Tales from Off the Grid: Katie’s Bridge
A year has come and gone since I first got to share a small slice of my world away from the office—my family’s weekend home—with you. In addition to peace and relaxation, one of the gifts of our off the grid escape is the community we have found there and the opportunities we’ve had to give back to it. This story is just one of many that I get to be a part of in our canyon.
The road to our cabin is pretty much described in the Rascal Flatts song, “Banjo.” We hop in the truck, exit off the old highway, hit the dirt road, and run through a few creeks. “Sometimes, you just gotta go beyond the pavement.” In fact, the only missing piece in this scenario is the banjo playing on the porch.
Our small canyon runs five miles after the pavement ends; and along this path lies a dozen or so different properties, all lined with the backdrop of wheat fields and forest. Each season is a joy to behold and celebrate, but the magic of this canyon is about much more than the picturesque beauty of an escape from the city life—it is about the people whose lives are shared there.
A favorite pastime of the residents is walking and/or hiking the hills and the dirt roads lining our canyon, oftentimes stopping to visit with neighbors along the way. Although enjoyed by many, it has proven to be a difficult activity during certain times of the year due to the three creeks the traveler must cross.
The third and most troublesome crossing runs directly down the center of a piece of land owned by a neighbor, effectively splitting their property in half. For the past several years a board has bridged the creek, allowing travelers to make their way precariously from one side to the other; and for just as many years, without fail, the board has washed away during the spring thaw, making it impossible to cross on foot to the other side.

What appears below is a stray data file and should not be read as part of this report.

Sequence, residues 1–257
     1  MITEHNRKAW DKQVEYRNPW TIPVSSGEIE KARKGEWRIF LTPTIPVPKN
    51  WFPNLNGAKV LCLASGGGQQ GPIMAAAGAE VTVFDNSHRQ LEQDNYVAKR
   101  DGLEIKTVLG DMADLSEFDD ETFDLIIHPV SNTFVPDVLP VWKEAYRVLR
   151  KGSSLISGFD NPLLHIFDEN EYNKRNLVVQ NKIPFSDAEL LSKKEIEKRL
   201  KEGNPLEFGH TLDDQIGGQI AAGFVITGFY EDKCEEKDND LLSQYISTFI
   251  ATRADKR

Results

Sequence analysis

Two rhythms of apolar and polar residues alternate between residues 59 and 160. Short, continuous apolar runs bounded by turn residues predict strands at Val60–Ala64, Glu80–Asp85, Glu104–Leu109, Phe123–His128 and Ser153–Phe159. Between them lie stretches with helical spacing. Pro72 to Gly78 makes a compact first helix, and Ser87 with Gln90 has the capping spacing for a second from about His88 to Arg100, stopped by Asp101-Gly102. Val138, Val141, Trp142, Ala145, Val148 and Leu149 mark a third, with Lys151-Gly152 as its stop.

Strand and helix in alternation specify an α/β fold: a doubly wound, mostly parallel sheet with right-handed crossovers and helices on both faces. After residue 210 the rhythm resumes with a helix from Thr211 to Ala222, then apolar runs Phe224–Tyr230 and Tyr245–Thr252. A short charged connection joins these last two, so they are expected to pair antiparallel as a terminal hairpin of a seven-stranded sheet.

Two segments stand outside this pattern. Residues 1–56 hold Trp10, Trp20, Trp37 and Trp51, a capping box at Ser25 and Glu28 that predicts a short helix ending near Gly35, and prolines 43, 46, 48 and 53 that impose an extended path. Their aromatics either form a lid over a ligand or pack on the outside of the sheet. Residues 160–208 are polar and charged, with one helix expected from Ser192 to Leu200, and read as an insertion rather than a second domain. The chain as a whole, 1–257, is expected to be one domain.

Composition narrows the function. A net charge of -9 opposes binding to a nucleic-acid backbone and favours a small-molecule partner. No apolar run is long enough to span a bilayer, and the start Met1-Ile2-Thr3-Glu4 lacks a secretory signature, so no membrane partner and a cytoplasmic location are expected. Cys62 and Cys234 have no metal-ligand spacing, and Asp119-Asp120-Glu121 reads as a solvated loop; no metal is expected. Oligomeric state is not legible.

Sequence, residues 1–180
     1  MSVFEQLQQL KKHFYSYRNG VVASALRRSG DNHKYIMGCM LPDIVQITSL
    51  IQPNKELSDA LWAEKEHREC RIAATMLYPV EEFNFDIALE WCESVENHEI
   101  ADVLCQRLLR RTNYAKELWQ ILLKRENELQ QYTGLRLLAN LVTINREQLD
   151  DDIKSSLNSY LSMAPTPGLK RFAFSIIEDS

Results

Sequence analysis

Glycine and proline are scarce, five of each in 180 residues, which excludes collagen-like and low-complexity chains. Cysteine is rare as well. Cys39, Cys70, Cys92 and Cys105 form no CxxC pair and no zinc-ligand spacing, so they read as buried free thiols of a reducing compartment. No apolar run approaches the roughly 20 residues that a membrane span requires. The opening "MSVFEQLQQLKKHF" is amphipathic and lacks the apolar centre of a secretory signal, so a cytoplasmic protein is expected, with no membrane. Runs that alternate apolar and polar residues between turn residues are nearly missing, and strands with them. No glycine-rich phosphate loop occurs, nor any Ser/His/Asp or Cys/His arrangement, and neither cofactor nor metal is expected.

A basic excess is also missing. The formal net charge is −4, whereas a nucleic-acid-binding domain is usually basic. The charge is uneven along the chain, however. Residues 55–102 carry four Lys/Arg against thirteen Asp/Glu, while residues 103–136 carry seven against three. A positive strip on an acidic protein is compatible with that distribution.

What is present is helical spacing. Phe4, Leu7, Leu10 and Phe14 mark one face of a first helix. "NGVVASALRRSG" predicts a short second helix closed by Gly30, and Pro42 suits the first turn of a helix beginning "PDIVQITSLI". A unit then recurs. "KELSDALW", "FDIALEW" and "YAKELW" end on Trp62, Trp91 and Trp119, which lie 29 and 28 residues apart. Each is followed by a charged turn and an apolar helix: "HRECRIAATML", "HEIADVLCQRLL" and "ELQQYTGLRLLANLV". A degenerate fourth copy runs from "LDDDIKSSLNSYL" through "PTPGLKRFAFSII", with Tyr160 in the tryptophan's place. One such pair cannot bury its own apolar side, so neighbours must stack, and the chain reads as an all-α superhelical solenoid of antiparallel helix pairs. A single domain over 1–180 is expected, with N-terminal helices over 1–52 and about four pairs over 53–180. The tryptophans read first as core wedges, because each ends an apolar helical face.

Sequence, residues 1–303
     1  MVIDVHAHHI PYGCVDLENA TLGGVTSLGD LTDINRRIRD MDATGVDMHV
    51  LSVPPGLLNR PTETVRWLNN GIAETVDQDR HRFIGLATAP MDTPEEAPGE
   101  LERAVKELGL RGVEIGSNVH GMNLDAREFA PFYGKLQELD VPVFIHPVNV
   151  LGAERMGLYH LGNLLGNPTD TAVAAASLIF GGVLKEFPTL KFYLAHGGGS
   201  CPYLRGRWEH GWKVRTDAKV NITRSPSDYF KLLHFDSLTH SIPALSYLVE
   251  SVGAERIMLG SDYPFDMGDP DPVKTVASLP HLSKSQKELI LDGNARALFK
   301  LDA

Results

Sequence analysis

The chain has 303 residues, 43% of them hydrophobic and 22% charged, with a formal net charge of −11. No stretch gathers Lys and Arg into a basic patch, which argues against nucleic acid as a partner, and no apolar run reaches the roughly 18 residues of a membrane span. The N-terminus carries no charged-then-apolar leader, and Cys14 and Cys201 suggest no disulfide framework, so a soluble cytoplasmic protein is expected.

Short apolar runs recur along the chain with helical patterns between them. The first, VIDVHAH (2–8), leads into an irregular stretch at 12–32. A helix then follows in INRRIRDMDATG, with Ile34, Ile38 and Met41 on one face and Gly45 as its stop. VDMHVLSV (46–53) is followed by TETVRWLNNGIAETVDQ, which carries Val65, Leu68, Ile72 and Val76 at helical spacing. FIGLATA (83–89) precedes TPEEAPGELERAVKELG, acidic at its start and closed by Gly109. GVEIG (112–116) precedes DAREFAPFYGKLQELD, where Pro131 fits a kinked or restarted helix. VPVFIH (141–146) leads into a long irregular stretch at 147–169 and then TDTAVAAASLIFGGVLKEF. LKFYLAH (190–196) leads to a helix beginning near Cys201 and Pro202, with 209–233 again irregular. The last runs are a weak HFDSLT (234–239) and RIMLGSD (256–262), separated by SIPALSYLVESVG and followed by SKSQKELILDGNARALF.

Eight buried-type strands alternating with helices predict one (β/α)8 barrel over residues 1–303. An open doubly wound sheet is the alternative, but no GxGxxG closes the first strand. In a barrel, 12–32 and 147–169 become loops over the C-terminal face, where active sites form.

The yearly disappearance of this board sparked discussions each spring of our need for a safer, permanent foot bridge, but this past summer the dream was finally set to be fully realized.
Coincidentally, our neighbors owned an old trailer that had been stripped down to just the frame; and at twenty feet long, my husband realized it would be the perfect size to span the creek. So we began in earnest by breaking the frame apart and welding its pieces back together to create a three-foot walking width. The deck from the same trailer was then reclaimed and used for lumber. Other than a nominal fee to the gentleman who welded the frame, there was only one additional cost for building this bridge: time.
As I write this, the railings for our bridge are still waiting to be finished. Once completed, the biggest moment will be the official christening of Katie’s Bridge, named for a much-loved dog who cherished the canyon as much as the rest of its inhabitants.
In the end, a handful of weekends were given up in exchange for friendship, community, and memories of building the bridge that will provide a safe crossing to all who wish to explore our beautiful canyon. My hope for you is that you also have the time and place to enjoy community, wherever it may find you. Whether you are giving or receiving, it is always a joy to know you are home amongst friends in this crazy world we live in.
Hey, maybe I will learn to play the banjo in the coming year!
DeDe Johnson, CMFC®